Trying the local cuisines is one of the best ways to disclose the cultures and traditions of the destinations you visit, especially with foodie travelers. Besides the popular food, there are a lot of secret cuisines which can be common with locals but lesser-known to travelers. And it is those kinds of food that help you learn about the localities you travel in a deeper and more local way. Our guide below will reveal to you the top 10 secret local cuisines in Vietnam you should try when traveling the country. Those food are not too popular but promise to grant you unforgettable experiences with their mouth-watering tastes and interesting stories behind.
Exotic Local Cuisines In Northern Vietnam
1. Xoi Khuc – Spinach Sticky Rice Balls
Spinach Sticky Rice Ball is a traditional delicacy in Hanoi. The locals usually have it for breakfast as an easy and affordable take-away.
The sticky rice balls put on a fresh greenish color with mung bean as the fillings. The method of cooking Xoi Khuc is steaming. Instead of spinach, the home cooks can replace it with other available greens in season at the market. Xoi Khuc is such a secretive local cuisine that you need to try at least once in your life.
2. Banh Duc – Steamed Rice Cake
This is a plain rice cake made of sticky rice and mixed with flour. Even though Banh Duc is available across Vietnam, the Northern Vietnamese version is the most common.
Banh Duc is popular street food in the North of the country that tourists usually overlook. The dish takes root in the countryside and is sold at a very reasonable price. Banh Duc in Northern Vietnam always comes in hot. And it’s topped with ground pork, wood-ear mushroom, fragrant herbs, deep-fried shallot, and fish sauce.
3. Cha Ruoi – Clam Worm Pie
Scary as it seems, but once you take a bite, you will want to come back for more! Clam worm is an exotic food in the coastal cities of Northern Vietnam. This is a grilled dish made of clam worm, which is a source of nutrition for your health.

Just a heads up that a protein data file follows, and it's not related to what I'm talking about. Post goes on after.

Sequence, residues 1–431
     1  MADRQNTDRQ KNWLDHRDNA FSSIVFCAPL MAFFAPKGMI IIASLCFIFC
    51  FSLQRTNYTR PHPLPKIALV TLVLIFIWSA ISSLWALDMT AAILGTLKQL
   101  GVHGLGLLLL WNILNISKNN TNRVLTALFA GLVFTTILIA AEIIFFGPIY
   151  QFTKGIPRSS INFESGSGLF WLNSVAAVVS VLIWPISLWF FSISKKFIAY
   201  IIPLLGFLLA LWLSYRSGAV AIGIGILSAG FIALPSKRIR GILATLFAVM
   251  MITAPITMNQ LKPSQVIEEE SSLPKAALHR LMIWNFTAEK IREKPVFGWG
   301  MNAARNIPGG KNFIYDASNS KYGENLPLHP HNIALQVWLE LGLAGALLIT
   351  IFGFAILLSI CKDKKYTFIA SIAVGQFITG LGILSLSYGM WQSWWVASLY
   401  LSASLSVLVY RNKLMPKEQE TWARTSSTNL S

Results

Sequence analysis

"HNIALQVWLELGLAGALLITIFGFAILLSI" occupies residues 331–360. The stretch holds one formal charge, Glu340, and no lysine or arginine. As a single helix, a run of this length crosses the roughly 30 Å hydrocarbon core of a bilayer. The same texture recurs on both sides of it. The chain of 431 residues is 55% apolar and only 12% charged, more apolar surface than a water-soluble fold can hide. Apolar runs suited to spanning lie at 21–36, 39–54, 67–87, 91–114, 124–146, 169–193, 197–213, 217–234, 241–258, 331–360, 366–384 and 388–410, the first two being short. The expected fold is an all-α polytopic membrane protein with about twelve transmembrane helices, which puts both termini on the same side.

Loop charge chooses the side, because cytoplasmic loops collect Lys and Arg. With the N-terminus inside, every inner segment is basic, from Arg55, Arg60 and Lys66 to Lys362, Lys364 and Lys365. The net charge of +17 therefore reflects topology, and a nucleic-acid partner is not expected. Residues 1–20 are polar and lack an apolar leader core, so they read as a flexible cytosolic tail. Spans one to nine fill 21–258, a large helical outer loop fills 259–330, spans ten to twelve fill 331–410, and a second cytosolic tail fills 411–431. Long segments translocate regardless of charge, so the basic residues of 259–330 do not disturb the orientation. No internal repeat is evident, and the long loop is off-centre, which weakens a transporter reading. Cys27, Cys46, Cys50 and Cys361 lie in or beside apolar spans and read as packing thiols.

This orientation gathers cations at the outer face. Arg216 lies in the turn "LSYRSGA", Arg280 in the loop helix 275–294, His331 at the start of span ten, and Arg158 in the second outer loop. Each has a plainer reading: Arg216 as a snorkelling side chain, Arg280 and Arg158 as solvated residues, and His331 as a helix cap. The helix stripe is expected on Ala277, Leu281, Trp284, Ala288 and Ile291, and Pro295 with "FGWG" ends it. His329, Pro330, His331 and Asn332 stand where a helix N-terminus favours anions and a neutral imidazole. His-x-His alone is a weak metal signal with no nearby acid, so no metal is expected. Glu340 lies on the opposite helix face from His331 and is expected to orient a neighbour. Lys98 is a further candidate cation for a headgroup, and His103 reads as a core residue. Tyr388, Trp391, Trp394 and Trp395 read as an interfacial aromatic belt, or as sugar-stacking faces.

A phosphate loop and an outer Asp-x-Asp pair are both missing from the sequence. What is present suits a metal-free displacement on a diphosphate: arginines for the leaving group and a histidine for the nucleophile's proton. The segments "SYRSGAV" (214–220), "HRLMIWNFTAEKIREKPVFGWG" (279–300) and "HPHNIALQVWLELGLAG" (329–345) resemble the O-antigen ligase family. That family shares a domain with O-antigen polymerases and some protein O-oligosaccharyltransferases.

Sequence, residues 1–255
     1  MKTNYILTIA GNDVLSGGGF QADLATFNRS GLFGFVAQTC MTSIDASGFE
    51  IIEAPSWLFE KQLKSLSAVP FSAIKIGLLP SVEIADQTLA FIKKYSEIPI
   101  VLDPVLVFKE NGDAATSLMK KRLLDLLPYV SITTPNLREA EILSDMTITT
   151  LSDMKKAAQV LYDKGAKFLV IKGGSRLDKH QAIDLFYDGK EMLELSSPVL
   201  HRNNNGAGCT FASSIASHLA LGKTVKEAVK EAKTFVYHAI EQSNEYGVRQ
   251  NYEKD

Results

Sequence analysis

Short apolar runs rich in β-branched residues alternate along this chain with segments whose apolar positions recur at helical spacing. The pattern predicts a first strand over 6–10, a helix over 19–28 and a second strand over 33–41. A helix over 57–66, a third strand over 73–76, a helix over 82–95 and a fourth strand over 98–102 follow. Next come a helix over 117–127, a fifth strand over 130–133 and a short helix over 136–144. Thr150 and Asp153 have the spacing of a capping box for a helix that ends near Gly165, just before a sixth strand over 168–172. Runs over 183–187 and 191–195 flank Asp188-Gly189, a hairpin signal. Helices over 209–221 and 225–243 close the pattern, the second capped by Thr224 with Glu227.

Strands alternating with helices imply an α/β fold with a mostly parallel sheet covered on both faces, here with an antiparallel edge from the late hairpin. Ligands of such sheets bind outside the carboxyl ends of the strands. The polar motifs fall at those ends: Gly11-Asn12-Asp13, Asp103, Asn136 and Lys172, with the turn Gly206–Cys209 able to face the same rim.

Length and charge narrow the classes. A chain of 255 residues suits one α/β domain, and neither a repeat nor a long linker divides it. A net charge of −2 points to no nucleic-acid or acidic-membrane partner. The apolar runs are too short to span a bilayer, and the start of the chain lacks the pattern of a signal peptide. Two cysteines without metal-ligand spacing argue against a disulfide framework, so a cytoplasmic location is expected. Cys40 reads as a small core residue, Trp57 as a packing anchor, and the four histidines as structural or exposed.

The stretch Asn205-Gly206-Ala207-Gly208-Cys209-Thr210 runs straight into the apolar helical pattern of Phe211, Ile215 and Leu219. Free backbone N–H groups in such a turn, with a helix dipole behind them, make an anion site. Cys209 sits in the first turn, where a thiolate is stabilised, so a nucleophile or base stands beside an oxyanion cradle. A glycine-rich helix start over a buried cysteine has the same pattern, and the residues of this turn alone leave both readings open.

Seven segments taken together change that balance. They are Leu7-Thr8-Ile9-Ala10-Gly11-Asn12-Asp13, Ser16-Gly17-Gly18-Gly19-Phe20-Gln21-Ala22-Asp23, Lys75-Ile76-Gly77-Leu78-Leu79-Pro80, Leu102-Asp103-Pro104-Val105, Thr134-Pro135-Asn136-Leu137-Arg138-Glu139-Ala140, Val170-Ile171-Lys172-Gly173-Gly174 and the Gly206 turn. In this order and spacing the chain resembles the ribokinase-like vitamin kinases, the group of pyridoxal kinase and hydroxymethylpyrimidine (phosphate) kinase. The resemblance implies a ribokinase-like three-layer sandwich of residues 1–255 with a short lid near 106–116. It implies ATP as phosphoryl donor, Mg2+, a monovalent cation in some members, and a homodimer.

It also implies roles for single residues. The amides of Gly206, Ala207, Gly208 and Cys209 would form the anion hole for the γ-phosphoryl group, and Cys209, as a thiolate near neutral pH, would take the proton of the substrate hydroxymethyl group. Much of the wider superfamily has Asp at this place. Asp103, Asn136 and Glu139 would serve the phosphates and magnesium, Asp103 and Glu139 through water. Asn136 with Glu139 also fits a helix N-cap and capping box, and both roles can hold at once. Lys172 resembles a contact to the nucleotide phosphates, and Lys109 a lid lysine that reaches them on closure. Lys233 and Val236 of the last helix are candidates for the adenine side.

Clam worm pie is not meant to be eaten alone. Eaters will pair it with eggs, green onions, mandarin zest, and mix them all into a round cake. They are deep-fried until it turns golden and crispy on the outside. Clam worm pie is a seasonal cuisine, which is only available from the end of September to the beginning of October. Vietnamese locals vote this food as one of the best local cuisines in Vietnam
Exotic Local Cuisines In Central Vietnam
4. Com Hen – Baby Clam Rice
The Hue people are clever to make use of the leftover rice and turned it into a local delicacy. They add in a full-spoon of baby clam harvested domestically and mix with fresh herbs.
The baby clams are stir-fried with dried bamboo shoots and pork belly. The boiled broth out of baby clam is re-used to mix with smashed ginger as an added sauce into the rice before serving.
Each bowl of Com Hen has a prosperous topping of peanuts, roasted sesame, crispy pork rind, and grilled rice crackers.
5. Ram It – Fried Sticky Rice Cake with Shrimp
Ram It is simply a round sticky rice bit topped with crushed shrimp. But shrimp is not the only topping you have in a pie of Ram It.
Another mouthwatering add-in is crispy and golden pork rind. Meanwhile, the bottom of the cake is soft and tender with a pleasant aroma of rice. Ram It is a super common street food in the Central of Vietnam that very few foreigners know. Don’t forget to try one when visiting the Central region of Vietnam!